WASHINGTON, DC, April 13, 2011 – Today the World Bank’s Board of Executive Directors has approved a grant of $4.2 million from the Global Environment Facility (GEF) to demonstrate both the local and global environmental benefits of the green truck technology to more than 500,000 truck operators in Guangdong Province of China.
Road-based freight transport, which primarily comprises trucks, is a significant energy consumer and a major source of greenhouse gas (GHG) emissions in China. Particularly, as China’s manufacturing-based economy grows, the road freight traffic will continue to increase, which may further increase the energy consumption and GHG emissions. However, energy efficiency in road freight transport remains low in China. The fuel efficiency of Chinese trucks is about 30 percent lower than in the industrialized countries. A major obstacle to improved energy efficiency in this sector is lack of knowledge and confidence in the performance of fuel-efficient truck technologies so that trucking companies are reluctant to adopt them. The second obstacle is lack of modern logistics management and effective information sharing and coordination in the sector dominated by a large number of small and privately owned truck operators.
The Guangdong Green Freight Demonstration Project is designed to assist the Government of Guangdong Province in addressing these challenges. “Through demonstration of green truck technology and green freight logistics, we hope that the energy-saving practices will be adopted more widely in the sector, so as to contribute to the government’s goal of reducing the energy intensity of the road freight sector by 12 percent by 2015 and 16 percent by 2020 from the 2005 level,” said Ke Fang, Senior Urban Transport Specialist of the World Bank and task manager of the project.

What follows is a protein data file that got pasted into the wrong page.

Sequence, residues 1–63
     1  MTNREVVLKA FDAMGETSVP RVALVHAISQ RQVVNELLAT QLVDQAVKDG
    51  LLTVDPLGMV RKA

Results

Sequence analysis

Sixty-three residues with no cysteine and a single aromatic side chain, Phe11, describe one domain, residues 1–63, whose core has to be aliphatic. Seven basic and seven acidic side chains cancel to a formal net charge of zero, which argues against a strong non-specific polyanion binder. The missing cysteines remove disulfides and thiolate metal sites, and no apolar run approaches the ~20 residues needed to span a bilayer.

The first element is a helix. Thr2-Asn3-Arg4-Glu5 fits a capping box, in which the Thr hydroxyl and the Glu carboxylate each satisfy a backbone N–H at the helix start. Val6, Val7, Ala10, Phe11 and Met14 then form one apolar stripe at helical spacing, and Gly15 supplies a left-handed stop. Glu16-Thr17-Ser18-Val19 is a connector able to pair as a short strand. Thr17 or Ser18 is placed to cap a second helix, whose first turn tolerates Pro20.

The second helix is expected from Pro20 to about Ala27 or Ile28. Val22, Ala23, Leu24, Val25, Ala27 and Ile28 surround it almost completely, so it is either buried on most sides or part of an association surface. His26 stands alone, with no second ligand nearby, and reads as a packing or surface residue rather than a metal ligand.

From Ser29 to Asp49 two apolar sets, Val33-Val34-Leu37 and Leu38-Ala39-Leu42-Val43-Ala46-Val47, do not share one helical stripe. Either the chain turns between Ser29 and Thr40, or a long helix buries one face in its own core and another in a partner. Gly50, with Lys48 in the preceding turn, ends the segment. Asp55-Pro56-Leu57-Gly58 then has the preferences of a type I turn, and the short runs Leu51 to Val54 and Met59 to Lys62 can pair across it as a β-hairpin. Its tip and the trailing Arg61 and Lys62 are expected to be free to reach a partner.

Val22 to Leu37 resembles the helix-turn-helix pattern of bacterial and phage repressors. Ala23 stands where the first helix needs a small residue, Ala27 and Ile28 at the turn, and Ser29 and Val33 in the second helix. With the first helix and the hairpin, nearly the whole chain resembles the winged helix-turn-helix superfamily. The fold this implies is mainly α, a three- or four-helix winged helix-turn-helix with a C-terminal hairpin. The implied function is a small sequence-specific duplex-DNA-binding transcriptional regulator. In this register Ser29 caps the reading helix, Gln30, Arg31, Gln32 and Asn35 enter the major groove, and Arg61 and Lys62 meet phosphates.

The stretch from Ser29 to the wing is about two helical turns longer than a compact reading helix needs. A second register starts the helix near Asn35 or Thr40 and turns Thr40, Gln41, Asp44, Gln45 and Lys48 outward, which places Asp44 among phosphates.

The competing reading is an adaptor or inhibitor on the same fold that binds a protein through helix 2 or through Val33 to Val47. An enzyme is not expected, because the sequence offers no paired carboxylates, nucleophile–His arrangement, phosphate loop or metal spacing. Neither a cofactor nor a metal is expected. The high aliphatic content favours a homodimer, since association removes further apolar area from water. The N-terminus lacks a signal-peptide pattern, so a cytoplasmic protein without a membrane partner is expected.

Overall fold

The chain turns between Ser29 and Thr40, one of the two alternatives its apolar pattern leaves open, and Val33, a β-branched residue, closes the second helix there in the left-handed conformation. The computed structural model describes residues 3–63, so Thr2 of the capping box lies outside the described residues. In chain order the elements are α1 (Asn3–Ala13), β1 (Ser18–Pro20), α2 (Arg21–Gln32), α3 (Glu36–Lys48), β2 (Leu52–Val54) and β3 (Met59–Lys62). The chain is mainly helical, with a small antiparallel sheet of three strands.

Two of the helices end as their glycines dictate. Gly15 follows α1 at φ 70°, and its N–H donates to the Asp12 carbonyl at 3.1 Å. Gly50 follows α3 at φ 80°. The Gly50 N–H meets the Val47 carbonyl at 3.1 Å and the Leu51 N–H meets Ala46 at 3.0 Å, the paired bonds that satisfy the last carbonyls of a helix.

The project aims to provide better information on the performance of proved energy efficiency technologies and practices and demonstrate their environmental benefits so as to increase awareness and demand for them. It will facilitate communication and cooperation among energy-efficient vehicle technology suppliers, freight carriers, freight shippers, financial institutions, and other key stakeholders. Participating trucking companies will receive training and incentive packages, including a price rebate at the purchase of the technology and a performance-based award, to support the procurement, installation, and monitoring of verified energy-efficient technologies on eligible freight vehicles. The project will also support studies and pilot projects on low-carbon logistics operations, including feasibility of developing an advanced logistics brokerage information system and wide application of “drop-and-hook” transport in Guangdong. Capacity building is a critical part of the project, including green freight policy research to identify policies that support wide-scale implementation of green freight technologies and practices, training for government officials and enterprise managers, development and maintenance of a green freight website, organization of a green freight technology “trade fair”, and project promotion and information dissemination.
The project is expected to benefit more than 500,000 trucking companies registered in Guangdong that are seeking to reduce operating costs, as well as about 96.4 million residents in Guangdong, particularly those living in urban areas, suppliers of energy efficient technologies, and freight shippers seeking to reduce carbon footprints in their business practices and make their business more environmentally friendly. The total project cost is US$13.97 million, with the GEF grant financing 30 percent. Originated from a successful small pilot in Guangzhou in 2009, the project was prepared in collaboration with the Ministry of Transport of China, US Environmental Protection Agency, AusAid and Clean Air Initiative for Asian Cities.
Established in 1991, the GEF is today the largest funder of projects to improve the global environment. It provides grants to developing countries and countries in transition for projects related to biodiversity, climate change, international waters, land degradation, the ozone layer, and persistent organic pollutants.